TOR recipients are encouraged to incorporate traditional approaches into their grantmaking activities. The TOR grant totals $54,976,150 and is awarded to 102 tribal entities.

In addition, $16.6 million in related funding will go to the SOR/TOR technical assistance program, whose national network of consultants provides free educational resources and training to states, communities, and individuals in prevention services, crime reduction harm, treatment and recovery for OUD and SUD.

Another $6.5 million will go to Regional Rural Opioid Technical Assistance Centers, which develop and disseminate training and technical assistance for rural communities to address opioid issues affecting those communities.

Finally, HRSA announced investments of more than $104 million to expand substance use treatment and prevention services, including OUD medications, in rural communities across the country as part of its Program of Opioid Response in Rural Communities, a multi-year initiative aimed at reducing substance use disorder morbidity and mortality in rural Americans.


In President Biden’s first State of the Union, he called addressing the opioid crisis and overdose epidemic a top priority of his administration, and earlier this year he released his National Drug Control Strategy to expand access to treatment for addiction and overdose and to disrupt drug trafficking. .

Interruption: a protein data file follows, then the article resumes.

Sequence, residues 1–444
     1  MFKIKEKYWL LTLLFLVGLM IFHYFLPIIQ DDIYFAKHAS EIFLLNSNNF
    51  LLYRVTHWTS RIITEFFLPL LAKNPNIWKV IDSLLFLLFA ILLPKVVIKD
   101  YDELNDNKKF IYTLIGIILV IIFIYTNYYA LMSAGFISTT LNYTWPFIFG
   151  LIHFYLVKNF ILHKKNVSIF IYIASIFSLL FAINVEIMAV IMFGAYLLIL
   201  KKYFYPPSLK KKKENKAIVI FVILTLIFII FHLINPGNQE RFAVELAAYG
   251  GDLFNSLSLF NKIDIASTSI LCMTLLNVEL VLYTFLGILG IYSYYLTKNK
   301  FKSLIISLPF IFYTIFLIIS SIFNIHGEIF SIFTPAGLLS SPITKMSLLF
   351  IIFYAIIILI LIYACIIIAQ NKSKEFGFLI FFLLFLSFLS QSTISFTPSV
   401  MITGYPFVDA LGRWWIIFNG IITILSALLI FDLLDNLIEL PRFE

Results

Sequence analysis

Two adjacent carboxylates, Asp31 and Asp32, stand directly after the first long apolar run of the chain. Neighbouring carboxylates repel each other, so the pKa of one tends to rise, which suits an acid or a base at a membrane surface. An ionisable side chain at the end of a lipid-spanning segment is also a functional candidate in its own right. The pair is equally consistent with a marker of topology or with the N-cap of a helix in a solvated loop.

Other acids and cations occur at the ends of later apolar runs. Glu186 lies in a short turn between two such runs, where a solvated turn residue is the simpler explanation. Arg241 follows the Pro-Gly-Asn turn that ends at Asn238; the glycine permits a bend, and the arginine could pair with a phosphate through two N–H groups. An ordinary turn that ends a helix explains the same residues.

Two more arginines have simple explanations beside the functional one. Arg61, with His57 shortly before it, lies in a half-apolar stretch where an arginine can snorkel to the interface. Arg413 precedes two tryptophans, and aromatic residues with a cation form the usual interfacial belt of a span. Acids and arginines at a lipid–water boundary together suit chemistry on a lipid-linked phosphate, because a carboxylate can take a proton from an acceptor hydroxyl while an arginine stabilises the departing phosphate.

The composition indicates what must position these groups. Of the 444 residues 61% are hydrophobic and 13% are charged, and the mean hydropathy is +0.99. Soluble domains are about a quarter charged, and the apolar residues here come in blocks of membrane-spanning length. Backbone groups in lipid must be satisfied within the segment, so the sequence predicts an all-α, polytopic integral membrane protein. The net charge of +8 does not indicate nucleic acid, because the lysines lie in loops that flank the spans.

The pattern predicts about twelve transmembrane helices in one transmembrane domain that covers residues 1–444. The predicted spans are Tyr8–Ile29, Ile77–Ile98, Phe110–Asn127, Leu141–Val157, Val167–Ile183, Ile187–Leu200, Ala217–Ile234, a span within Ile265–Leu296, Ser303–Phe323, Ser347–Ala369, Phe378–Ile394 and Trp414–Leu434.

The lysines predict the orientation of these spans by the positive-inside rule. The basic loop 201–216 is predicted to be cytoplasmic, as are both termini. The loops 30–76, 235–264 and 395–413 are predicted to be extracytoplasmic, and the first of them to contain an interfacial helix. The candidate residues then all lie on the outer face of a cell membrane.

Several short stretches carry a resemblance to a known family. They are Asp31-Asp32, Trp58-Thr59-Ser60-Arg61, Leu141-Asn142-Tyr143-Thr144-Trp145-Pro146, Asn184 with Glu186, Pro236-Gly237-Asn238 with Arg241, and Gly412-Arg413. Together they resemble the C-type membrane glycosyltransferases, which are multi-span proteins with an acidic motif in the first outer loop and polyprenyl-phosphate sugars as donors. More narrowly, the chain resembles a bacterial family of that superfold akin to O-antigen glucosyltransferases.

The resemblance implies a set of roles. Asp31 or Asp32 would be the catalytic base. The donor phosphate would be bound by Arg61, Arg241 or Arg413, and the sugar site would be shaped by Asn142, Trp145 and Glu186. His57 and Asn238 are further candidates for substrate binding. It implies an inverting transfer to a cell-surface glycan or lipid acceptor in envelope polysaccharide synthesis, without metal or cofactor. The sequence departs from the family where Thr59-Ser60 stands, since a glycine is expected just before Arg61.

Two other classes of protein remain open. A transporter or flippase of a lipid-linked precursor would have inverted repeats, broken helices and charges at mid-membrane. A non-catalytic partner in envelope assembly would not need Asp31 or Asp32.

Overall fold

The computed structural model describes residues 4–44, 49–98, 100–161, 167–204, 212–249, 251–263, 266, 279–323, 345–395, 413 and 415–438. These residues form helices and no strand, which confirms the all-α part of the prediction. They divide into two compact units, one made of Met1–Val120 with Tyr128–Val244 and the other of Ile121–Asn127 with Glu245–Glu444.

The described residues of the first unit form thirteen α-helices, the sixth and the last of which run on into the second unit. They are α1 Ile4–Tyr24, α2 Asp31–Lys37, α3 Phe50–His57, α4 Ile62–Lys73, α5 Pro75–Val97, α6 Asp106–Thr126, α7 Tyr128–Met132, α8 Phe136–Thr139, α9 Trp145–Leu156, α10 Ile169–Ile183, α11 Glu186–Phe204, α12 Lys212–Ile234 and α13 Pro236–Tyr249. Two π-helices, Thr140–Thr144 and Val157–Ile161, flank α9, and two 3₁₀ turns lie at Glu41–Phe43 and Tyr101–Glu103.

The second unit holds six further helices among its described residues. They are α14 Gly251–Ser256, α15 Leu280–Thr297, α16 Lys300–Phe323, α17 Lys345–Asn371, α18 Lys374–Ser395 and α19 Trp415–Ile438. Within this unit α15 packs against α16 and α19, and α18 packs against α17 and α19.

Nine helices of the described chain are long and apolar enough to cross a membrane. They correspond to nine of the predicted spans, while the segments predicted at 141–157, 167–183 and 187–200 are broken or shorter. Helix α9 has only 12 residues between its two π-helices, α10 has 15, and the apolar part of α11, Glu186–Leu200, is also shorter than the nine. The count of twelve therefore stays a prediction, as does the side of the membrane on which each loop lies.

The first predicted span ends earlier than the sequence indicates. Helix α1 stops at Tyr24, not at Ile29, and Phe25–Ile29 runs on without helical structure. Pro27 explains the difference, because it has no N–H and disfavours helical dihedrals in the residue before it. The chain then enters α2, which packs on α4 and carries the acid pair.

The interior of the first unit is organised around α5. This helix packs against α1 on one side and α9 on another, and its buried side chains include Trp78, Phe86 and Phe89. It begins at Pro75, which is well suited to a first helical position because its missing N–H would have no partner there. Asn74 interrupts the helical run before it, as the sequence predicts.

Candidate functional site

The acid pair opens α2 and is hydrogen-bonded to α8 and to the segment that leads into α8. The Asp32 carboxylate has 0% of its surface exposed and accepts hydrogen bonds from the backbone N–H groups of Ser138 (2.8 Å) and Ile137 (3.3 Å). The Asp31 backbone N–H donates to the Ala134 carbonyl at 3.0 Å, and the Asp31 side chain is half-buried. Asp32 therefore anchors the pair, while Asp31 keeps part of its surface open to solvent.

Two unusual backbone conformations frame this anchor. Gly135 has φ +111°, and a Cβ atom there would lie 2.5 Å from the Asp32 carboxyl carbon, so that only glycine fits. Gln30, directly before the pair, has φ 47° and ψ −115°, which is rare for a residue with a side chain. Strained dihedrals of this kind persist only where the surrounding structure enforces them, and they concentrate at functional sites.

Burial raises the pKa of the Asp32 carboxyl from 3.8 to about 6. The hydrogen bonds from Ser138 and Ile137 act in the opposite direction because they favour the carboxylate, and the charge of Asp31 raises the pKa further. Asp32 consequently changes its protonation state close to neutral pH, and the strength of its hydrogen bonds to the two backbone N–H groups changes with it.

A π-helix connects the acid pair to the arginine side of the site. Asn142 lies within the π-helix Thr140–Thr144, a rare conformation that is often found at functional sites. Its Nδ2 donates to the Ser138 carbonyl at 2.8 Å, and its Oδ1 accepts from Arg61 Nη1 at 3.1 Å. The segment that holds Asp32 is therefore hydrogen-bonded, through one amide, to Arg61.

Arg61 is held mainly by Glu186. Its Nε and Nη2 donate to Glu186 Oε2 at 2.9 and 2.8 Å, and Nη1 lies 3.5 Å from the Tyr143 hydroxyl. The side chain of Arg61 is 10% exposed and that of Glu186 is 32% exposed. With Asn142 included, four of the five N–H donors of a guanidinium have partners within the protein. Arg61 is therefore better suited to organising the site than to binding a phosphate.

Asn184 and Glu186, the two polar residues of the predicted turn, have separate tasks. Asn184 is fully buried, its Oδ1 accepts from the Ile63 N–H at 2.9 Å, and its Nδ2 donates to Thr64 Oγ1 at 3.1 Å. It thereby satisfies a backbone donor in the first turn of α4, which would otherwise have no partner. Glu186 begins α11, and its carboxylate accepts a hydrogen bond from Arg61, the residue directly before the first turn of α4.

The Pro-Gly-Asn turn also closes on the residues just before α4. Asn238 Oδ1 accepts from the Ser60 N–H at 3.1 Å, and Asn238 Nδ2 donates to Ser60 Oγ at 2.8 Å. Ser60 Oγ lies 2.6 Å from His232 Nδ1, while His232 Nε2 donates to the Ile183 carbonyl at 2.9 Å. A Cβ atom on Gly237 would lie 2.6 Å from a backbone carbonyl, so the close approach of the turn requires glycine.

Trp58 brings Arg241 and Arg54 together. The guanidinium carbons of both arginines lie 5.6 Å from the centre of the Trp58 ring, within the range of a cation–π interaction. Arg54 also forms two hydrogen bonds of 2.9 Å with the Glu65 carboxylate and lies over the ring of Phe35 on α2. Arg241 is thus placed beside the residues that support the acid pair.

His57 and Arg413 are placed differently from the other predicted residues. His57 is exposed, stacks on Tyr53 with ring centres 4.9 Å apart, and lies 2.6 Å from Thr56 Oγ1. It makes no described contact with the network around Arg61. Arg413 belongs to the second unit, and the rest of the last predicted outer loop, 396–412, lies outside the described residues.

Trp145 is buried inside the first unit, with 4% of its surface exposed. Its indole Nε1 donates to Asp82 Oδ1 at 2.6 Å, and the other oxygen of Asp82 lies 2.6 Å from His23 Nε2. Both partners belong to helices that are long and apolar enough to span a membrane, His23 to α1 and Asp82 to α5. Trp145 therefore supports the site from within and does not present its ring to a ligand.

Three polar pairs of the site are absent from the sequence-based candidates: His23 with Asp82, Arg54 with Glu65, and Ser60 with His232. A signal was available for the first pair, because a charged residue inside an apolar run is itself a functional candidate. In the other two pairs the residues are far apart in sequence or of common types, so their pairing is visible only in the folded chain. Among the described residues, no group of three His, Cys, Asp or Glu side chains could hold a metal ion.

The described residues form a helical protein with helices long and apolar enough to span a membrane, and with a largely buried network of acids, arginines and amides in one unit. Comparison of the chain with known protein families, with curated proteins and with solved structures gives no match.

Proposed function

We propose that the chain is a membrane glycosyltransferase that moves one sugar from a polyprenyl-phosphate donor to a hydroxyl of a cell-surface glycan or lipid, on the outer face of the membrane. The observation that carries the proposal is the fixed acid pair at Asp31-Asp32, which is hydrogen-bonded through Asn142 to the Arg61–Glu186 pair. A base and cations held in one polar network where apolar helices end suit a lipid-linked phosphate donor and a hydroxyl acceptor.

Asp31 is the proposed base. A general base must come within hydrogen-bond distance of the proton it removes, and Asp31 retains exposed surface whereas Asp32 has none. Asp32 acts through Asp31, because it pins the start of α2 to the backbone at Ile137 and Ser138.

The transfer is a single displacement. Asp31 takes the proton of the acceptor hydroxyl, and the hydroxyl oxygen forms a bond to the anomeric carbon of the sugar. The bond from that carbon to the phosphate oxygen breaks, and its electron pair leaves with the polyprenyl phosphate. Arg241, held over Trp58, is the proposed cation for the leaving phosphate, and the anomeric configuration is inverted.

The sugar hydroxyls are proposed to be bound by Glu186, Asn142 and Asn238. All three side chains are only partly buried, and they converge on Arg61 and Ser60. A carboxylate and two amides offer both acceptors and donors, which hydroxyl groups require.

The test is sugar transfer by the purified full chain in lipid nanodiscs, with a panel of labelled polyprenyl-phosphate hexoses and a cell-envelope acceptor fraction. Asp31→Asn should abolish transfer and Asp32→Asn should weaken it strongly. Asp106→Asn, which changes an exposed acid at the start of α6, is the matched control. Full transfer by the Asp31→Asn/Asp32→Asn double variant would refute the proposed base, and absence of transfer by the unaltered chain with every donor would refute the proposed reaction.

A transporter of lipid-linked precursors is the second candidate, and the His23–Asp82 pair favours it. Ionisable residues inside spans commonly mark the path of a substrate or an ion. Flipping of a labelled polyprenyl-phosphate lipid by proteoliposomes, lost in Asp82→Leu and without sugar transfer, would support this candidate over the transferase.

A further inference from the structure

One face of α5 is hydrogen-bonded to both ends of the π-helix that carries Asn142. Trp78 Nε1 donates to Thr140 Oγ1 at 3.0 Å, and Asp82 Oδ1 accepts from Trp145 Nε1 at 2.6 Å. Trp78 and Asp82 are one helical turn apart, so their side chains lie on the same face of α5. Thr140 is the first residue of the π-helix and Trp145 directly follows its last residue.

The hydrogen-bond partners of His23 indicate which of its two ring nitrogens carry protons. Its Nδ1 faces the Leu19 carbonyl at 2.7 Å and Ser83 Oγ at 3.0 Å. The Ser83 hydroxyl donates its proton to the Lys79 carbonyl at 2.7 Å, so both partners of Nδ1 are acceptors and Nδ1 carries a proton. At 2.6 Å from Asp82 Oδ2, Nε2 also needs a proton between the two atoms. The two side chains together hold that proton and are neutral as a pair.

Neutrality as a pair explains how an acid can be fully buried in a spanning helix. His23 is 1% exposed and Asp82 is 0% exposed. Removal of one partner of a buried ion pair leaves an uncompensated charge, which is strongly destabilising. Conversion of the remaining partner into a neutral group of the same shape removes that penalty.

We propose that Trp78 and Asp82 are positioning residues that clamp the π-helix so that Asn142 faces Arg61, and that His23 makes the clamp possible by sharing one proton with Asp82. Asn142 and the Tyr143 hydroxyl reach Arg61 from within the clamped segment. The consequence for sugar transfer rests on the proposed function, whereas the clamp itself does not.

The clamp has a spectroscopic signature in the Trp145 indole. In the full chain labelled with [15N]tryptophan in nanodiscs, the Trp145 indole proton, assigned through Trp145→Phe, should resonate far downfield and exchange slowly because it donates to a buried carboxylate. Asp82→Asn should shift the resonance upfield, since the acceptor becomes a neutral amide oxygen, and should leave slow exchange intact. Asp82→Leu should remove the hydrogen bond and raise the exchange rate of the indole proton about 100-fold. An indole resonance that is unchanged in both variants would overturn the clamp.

HHS invested nearly $15 million in June in 29 rural community organizations to address psychostimulant misuse and related overdose deaths. Overdose deaths from psychostimulant drugs, including methamphetamine, rose from 547 in 1999 to 23,837 in 2020, an increase exacerbated by the COVID-19 pandemic, according to the National Institute on Drug Abuse.

With the investment, HHS has provided a total of more than $400 million for the Rural Community Opioid Response Program (RCORP) initiative, HRSA said. This is a multi-year initiative aimed at reducing morbidity and mortality from substance use, including opioid use, in high-risk rural communities.

Through SAMHSA, HHS also recently announced $55 million in funding for its Tribal Opioid Response grant program that addresses the overdose crisis in tribal communities.

Both programs address opioid and stimulant misuse, as reflected in the President’s proposed FY 2023 budget for HHS on drug-related programs and initiatives that totaled $21.1 billion . The funding helps support the National Drug Control Strategy.

Last month, the White House released the administration’s plan to address methamphetamine and its impact on public health and safety.


“All Americans deserve access to culturally sensitive prevention, treatment and recovery services and supports,” said Dr. Miriam E. Delphin-Rittmon, HHS Assistant Secretary for Mental Health and Substance Use and leader of SAMHSA. “SAMHSA remains committed to fighting overdose and reminding the nation that there is hope: treatment is effective and recovery is possible.”

Twitter: @JELagasse
Email the writer: jeff.lagasse@himssmedia.com

Source: Feds award $1.6 billion in funds to address overdose and addiction crises in communities